Old wine, new bottle: a foreign policy failure

160826-bagotville-dion-sajjan-goodale-bibeauProfessor Thomas Juneau of  the University of Ottawa’s Graduate School of Public and International Affairs, who was, formerly, an analyst with Canada’s Department of National Defence, takes a look, in an opinion  piece in the Globe and Mail, at the recent announcement by ministers Bibeau, Dion, Goodale and Sajjan re: Canada being “back” in UN peacekeeping and he finds it deeply flawed.

It is, Prof Juneau concludes, just putting old wine (“Global Affairs Canada’s existing – and quite successful – Stabilization and Reconstruction Task Force (START)“) in a new bottle (“the new Peace and Stabilization Operations Program“) “while only slightly modifying its mandate …[and, since] … it does not even significantly increase its baseline funding Canada, in other words, will unfortunately not be able to do much more in post-conflict reconstruction and stabilization.”

It is, in other words, just smoke and mirrors, designed, as I suggested, earlier, to be “nothing more than cheap, throw away campaign rhetoric, crafted by a highly skilled public relations team.

Even the early warning system to detect conflicts, a favourite of Mr. Sajjan,” Professor Juneau goes on to explain, “is mostly smoke: various units in the intelligence community and in Global Affairs Canada already do this. It is also not clear how much impact this unit could have: most conflicts in recent decades have been a surprise to most observers, while a better informed Canada, as a mid-sized country, can still only follow the lead of its more powerful allies.

What is also disappointing,” to Thomas Juneau (and to me), “is that the government did not clearly explain how all of this is in Canada’s interest. It seems to assume that “doing” UN peace operations is intrinsically good, which is at best simplistic. Peace operations are a means, not an end. Canada should definitely be more involved, but on a case-by-case basis and provided that individual commitments are in its interests. Friday’s announcement said little, in particular, on how the forthcoming decision regarding a mission in Africa will be made.” I agree 100% with Professor Juneau on this … it is partisan, 2019 election Liberal campaign politics, not Canadian strategic policy that is driving this.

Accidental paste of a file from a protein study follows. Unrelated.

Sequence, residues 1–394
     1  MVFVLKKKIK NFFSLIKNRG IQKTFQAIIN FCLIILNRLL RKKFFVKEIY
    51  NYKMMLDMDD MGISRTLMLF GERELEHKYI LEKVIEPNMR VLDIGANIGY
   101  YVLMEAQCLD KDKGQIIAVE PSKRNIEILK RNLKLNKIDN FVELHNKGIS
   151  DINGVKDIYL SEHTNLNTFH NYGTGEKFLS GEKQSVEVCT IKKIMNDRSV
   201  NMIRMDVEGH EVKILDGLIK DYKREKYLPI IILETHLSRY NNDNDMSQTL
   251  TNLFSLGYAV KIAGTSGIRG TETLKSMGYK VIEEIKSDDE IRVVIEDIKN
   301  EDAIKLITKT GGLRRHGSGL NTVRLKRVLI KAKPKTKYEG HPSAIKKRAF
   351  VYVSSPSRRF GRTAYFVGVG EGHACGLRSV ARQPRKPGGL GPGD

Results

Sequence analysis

Professor Juneau says that “the government’s intentions are good,” I disagree. It may well be that Justin Trudeau’s intentions were good, back in 2015, when he promised to “bring Canada back” into UN peacekeeping; it may be that he actually believes the UN/Pearsonian peacekeeping myth ~ and it is only a myth ~ but this government project, crafted by political campaign professionals with the sole aim of except putting a  against another item in the “promises made/promises kept” list on a page in the 2019 red book, is not well intentioned at all. It is, instead, sad and cynical and it aims to fool Canadians.

One thought on “Old wine, new bottle: a foreign policy failure”

Leave a Reply

Fill in your details below or click an icon to log in:

WordPress.com Logo

You are commenting using your WordPress.com account. Log Out / Change )

Twitter picture

You are commenting using your Twitter account. Log Out / Change )

Facebook photo

You are commenting using your Facebook account. Log Out / Change )

Google+ photo

You are commenting using your Google+ account. Log Out / Change )

Connecting to %s